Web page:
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As 2012 draws to a close, we're surveying our friends in the fashion industry about the year's biggest news stories and most exciting developments. So far, we've looked at the best and worst trends, and favorite personal purchases; now, let's discuss which neighborhoods or streets have improved the most, retail-wise. Readers, let us know what you think in the comments.
Image via WWD
Kay Lee, store owner of Otte: Uptown has greatly expanded its offerings, particularly around the 60s and 70s and on Madison Avenue. So many contemporary brands (Yigal, Rag & Bone, Alice and Olivia) opened next to the high-end designers. In addition, we opened our newest location on 71st and Third after seeing such potential in that neighborhood.
Eddy Chai and Paul Birardi, store owners of Odin: Williamsburg is hardly a newcomer for shopping, but it's still surprising how many new stores keep emerging.
Shana Tabor, store owner of In God We Trust: I think Wythe Avenue in Williamsburg is really going for it. We spent six years on that street with no action and now it is insane!
The Shophound, fashion blogger: We don't know if it is an improvement, but Mercer Street between Houston and Prince Streets is becoming one of the city's most opulent blocks, bursting with new or soon-to-open designer boutiques like, Versace, Balenciaga and Saint Laurent. It solidifies Soho's resurgence as a premier shopping district to rival Midtown with the same mix of chain stores and exclusive luxury.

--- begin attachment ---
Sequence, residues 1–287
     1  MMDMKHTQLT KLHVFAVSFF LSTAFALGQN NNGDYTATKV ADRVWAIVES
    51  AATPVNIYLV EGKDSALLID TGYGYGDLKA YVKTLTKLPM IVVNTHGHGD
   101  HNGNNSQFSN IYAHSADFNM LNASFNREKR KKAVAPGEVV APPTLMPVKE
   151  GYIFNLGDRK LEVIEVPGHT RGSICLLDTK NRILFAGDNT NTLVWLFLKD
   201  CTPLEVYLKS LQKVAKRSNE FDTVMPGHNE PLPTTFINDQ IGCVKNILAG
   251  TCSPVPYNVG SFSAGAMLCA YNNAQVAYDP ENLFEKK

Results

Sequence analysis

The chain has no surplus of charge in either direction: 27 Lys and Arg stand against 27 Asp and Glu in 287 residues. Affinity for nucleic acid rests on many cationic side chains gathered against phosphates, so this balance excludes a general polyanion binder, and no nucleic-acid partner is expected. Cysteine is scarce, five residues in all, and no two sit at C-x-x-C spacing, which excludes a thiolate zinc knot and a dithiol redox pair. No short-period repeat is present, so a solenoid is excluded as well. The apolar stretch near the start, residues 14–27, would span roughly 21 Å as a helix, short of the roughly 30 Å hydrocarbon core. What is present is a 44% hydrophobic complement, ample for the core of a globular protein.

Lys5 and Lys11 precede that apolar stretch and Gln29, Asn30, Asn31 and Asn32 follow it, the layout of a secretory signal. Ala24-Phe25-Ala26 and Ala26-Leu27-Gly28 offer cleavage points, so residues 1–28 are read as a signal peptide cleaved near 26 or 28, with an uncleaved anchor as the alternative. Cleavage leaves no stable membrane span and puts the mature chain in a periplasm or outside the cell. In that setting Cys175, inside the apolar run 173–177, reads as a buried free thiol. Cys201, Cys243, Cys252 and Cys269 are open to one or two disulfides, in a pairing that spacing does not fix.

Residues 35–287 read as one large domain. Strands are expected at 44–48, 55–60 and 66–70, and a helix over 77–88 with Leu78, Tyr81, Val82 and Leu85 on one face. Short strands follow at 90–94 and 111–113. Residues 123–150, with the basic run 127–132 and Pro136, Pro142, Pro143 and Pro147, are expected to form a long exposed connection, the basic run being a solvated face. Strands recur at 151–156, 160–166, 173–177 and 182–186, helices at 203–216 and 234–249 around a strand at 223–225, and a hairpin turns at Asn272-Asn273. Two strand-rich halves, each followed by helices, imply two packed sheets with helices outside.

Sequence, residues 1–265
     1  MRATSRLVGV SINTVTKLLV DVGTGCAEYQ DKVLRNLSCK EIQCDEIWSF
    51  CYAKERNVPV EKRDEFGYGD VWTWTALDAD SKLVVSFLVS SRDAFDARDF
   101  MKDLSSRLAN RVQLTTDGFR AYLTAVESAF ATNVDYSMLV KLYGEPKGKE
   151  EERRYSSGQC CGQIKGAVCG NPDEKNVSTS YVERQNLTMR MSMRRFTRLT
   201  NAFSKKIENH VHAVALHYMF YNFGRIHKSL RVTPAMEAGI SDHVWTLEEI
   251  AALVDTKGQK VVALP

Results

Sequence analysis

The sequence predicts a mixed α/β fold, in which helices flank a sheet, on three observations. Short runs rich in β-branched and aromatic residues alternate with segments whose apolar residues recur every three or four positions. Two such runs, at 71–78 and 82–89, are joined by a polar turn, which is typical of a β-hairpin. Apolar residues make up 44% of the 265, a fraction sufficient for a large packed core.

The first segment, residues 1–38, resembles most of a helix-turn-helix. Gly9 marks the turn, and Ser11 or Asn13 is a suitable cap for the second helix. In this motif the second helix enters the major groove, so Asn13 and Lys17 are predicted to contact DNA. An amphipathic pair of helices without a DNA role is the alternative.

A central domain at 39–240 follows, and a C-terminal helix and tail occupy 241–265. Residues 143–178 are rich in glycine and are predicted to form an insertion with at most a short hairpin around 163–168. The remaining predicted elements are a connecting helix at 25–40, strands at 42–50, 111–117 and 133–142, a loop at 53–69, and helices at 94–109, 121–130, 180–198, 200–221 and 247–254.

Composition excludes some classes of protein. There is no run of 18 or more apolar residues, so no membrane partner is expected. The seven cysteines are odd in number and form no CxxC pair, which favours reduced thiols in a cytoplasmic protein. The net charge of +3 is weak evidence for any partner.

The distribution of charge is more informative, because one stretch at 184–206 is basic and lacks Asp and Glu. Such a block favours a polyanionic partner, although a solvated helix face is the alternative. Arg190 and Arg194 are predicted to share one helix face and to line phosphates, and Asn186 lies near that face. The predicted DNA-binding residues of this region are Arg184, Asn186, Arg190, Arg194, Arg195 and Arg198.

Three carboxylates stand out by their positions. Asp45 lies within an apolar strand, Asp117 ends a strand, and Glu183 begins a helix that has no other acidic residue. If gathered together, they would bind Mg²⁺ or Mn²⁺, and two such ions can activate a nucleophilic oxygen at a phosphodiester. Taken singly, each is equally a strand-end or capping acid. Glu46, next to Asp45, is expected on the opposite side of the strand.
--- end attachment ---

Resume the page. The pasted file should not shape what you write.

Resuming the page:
Kirsten Fleming, fashion writer at the New York Post: I think the NoMad area keeps getting more interesting, especially since Maison Kitsune set up shop there.
Lindsey Green, fashion publicist: I was recently staying on the Upper East Side (thanks Hurricane Sandy!), and I was super impressed/surprised with the additions to Madison Avenue. I'm now fully considering a retail-driven move there.
Faith Hope Consolo, Chairman of the Retail Group for Douglas Elliman Real Estate: Meatpacking, without a doubt. A lot of pundits thought the neighborhood would change for the worse when many of the pioneering stores like Stella McCartney opted to relocate, but clearly that did not happen. And Soho continues to be "so sought after" and has attracted a multitude of national and international retailers.
Karin Bereson, store owner of No.6: Definitely Williamsburg.
Mizhattan, fashion blogger: Not a neighborhood or street, but the biggest improvement this year would be the renovations of all the shoe salons at department stores. As a person with an insatiable appetite for shoes, this is definitely a good thing.
As for a particular street, surprisingly enough, it would be Fifth Avenue. This tour de force strip of concrete and asphalt hasn't fared so well since the recession. Now, it's nice to see new additions like the goliath Uniqlo store, the first-ever US Massimo Dutti boutique, and the new Zara flagship.
Morgan Yakus, store owner of No.6: The north side of Williamsburg.